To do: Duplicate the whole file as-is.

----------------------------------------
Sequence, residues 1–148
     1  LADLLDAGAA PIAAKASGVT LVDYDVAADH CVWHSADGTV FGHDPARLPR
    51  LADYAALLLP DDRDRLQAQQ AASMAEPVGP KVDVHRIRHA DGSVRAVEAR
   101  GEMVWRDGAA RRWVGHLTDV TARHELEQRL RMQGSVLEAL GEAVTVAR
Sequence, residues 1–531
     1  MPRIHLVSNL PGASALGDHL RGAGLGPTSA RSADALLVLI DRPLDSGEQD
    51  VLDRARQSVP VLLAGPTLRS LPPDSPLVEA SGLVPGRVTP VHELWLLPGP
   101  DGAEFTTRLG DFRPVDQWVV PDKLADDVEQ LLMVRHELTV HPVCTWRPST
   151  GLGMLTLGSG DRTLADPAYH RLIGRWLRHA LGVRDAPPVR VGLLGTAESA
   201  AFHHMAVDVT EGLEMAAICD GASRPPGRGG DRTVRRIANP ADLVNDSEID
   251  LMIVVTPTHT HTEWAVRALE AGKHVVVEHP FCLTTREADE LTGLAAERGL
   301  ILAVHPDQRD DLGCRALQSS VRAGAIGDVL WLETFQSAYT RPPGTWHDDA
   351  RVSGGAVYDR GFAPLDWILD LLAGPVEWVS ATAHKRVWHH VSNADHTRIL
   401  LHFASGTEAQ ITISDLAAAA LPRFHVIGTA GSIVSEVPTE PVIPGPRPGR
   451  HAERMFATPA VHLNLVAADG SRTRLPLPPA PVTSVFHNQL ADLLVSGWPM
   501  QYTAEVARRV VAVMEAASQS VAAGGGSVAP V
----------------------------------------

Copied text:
Sequence, residues 1–148
     1  LADLLDAGAA PIAAKASGVT LVDYDVAADH CVWHSADGTV FGHDPARLPR
    51  LADYAALLLP DDRDRLQAQQ AASMAEPVGP KVDVHRIRHA DGSVRAVEAR
   101  GEMVWRDGAA RRWVGHLTDV TARHELEQRL RMQGSVLEAL GEAVTVAR
Sequence, residues 1–531
     1  MPRIHLVSNL PGASALGDHL RGAGLGPTSA RSADALLVLI DRPLDSGEQD
    51  VLDRARQSVP VLLAGPTLRS LPPDSPLVEA SGLVPGRVTP VHELWLLPGP
   101  DGAEFTTRLG DFRPVDQWVV PDKLADDVEQ LLMVRHELTV HPVCTWRPST
   151  GLGMLTLGSG DRTLADPAYH RLIGRWLRHA LGVRDAPPVR VGLLGTAESA
   201  AFHHMAVDVT EGLEMAAICD GASRPPGRGG DRTVRRIANP ADLVNDSEID
   251  LMIVVTPTHT HTEWAVRALE AGKHVVVEHP FCLTTREADE LTGLAAERGL
   301  ILAVHPDQRD DLGCRALQSS VRAGAIGDVL WLETFQSAYT RPPGTWHDDA
   351  RVSGGAVYDR GFAPLDWILD LLAGPVEWVS ATAHKRVWHH VSNADHTRIL
   401  LHFASGTEAQ ITISDLAAAA LPRFHVIGTA GSIVSEVPTE PVIPGPRPGR
   451  HAERMFATPA VHLNLVAADG SRTRLPLPPA PVTSVFHNQL ADLLVSGWPM
   501  QYTAEVARRV VAVMEAASQS VAAGGGSVAP V